A way forward for rugby in Australia part two
Sharks player Jannie du Plessis (R) tackles Reds Will Genia during the Super Rugby qualifying final between the Queensland Reds and the Sharks (AFP / Patrick Hamilton)
After my first post last week (a way forward for rugby in Australia), I was surprised how many people agreed with the basic concept, but a common theme in response was ‘we can’t afford it’.
I would like to debate that point.
I believe that the model presented is more affordable, and Super Rugby is the model we cannot afford. Every level of rugby is compromised to suit Super Rugby.
When rugby turned professional, it introduced Super Rugby – arguably the highest level of rugby in the world. A Ferrari. But at what cost when all other levels of rugby have been sacrificed to pay for it?
Briefly, my model is:
Late Feb-June ITM, ARC, Currie Cup. A break in June with inbound tours from northern hemisphere teams. July-early October Heineken cup/knockout style comp involving all teams from three countries, with the Rugby Championship to be played July-September.
This is more affordable, because each country can run its competition to its desired level. For example, eight teams for Australia, 10 for New Zealand and 12 for SA, whatever is the best model for each individual country.
Also, importantly, it will allow each country to fund its teams at a level each country can afford.
How do we pay for it? The domestic comp can be sold by each country to its own broadcasters with hopefully a free to air component introduced. But the main funding will be the knockout/Heineken comp, which will run for three months and involve teams from all three countries. This comp will potentially have up to 30 teams in it. So pay TV will be interested.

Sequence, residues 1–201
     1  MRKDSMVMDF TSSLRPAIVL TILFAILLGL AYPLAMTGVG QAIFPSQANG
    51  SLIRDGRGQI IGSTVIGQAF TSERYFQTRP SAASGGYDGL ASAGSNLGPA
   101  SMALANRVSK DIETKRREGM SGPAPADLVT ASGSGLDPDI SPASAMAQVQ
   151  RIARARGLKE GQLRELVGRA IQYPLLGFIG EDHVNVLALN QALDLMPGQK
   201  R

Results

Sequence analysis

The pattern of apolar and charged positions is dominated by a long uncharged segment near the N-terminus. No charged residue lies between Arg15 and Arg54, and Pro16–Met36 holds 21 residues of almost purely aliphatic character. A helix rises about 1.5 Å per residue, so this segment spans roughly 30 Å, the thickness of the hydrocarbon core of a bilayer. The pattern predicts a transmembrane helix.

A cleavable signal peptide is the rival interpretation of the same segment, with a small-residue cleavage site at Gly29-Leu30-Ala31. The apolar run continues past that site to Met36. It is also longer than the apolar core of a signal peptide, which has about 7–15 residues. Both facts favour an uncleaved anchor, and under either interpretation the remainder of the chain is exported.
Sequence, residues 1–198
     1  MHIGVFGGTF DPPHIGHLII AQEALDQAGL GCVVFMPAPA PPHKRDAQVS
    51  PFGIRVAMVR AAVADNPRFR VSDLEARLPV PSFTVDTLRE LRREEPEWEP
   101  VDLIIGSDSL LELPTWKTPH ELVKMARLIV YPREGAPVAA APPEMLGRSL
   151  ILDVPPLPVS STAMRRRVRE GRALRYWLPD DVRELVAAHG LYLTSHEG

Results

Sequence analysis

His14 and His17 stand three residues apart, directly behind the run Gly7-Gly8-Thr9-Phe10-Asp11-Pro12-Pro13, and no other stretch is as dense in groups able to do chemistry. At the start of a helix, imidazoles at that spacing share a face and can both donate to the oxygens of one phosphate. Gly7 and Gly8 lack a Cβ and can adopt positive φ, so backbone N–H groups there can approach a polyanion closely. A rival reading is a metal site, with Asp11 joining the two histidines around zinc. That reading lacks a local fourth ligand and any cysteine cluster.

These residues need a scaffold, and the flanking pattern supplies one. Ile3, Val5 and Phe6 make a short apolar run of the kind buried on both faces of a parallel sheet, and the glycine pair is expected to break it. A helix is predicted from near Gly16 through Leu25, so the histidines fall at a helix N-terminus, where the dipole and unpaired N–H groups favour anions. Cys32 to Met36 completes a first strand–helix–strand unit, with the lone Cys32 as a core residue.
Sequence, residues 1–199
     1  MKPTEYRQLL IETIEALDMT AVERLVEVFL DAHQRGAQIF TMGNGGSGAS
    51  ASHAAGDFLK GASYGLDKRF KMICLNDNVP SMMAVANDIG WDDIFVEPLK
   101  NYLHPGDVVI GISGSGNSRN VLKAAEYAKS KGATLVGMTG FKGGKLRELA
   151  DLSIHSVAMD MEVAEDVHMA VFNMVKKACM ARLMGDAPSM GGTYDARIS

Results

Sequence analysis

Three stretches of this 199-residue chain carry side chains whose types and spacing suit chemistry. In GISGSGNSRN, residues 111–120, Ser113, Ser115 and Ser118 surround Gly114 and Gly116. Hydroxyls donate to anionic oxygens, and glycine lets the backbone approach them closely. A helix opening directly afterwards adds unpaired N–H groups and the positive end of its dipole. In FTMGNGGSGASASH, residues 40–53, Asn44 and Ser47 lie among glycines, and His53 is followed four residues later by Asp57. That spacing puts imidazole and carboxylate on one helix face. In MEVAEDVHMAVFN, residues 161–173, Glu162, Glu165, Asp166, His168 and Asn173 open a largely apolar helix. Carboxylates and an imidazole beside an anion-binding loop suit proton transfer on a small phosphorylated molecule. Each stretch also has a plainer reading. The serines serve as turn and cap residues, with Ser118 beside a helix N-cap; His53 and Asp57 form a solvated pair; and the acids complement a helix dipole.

What are the advantages? Bloody heaps!
It allows each country to run its rugby at a level affordable to that country, still maintains a competition that involves all three countries, brings back tribalism so supporters can support teams that they believe in and it helps streamline the seasons instead of the ridiculous setup we have now (look at next year’s Super draw and NZ’s ITM cup squeezed into seven weeks).
And what about the expansion possibilities! You could introduce teams from Japan, the Pacific Islands, USA – you name it – to the Heineken cup, without compromising your own national competitions.
I also believe that the level of rugby will still be attractive to fans and supporters. Budgets may be smaller than the current Super teams but as the competition grows so can budgets.
Right now I believe rugby union needs to take a step back, if it wants to move forward. The Ferrari is now 15 years old and the maintenance costs are killing rugby.